Writer, deep-thinker, and stand-up comedian Mark Stevenson shared his journey to find out what the future holds, and how we can approach it with a sense of pragmatic optimism. He discussed his meetings and interviews with a variety of forward-thinking people including farmers in the Australian Outback who devised an ingenious but low-tech method of sustaining their grasslands, and the President of the Maldives, Mohamed Nasheed, who invited him to participate in an underwater cabinet meeting.
Stevenson also interviewed George Church, a molecular geneticist, who is trying to bring forward a "personal genomics revolution," which could reveal how an individual's genetic code interacts with the environment. He is currently sequencing the genomes of 100,000 volunteers and correlating it with their health and medical information. Eventually, this could lead to specific diet and pharmaceutical recommendations based on a person's genetic markers, Stevenson explained.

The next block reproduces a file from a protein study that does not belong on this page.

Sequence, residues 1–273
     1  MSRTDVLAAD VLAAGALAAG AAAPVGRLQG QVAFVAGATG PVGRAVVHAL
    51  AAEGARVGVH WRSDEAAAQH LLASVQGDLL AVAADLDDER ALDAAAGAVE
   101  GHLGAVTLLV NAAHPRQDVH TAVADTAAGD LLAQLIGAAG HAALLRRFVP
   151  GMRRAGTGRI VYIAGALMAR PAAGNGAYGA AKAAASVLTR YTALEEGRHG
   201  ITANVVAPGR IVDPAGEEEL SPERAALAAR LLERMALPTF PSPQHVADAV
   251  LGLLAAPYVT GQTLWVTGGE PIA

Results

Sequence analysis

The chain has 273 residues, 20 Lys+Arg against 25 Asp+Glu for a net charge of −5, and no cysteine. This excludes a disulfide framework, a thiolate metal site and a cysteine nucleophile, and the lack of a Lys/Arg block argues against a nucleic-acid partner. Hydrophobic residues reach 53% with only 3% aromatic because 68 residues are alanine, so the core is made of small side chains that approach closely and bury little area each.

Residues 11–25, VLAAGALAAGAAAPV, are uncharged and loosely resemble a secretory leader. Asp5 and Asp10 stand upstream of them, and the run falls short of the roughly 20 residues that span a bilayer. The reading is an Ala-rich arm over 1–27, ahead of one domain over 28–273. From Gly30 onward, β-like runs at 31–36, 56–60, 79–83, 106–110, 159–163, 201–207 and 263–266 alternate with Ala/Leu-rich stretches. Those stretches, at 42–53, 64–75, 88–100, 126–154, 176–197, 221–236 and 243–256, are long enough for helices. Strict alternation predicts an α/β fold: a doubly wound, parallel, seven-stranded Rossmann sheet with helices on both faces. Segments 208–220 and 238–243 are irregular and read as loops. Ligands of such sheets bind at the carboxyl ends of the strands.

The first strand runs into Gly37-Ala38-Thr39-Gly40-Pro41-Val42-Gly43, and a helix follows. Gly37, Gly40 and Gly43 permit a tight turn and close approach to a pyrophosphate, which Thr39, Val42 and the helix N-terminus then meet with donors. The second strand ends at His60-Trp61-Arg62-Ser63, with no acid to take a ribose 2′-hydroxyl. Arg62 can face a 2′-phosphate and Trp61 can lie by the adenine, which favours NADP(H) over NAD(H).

He discussed the transhumanist movement to extend people's lifespans, and the continued development of robots. Based on his research, he's concluded that we don't need to worry about "robotic overlords" taking over anytime soon, as they continue to have difficulty in doing basic tasks like walking. Stevenson also touched on the positive and negative aspects of interconnectivity through the Internet and mobile devices, how human organs are now being grown in labs, and nanotechnology-enabled printers that can manufacture anything from the ground up.
First hour guest, Dr. Sherri Tenpenny talked about the hazards of vaccines. A just issued report by the International Medical Council on Vaccination outlines a variety of safety issues and problems with vaccines, and Tenpenny has set a goal of gathering 1 million digital signatures in support of the principles put forth in the report.
The Kepler spacecraft, launched in 2009, may have discovered as many as 1,200 new exoplanets, scientists announced today. They also shared details of a newfound planetary system with six worlds that have orbits closely packed together (pictured in artist's conception). More at Scientific American.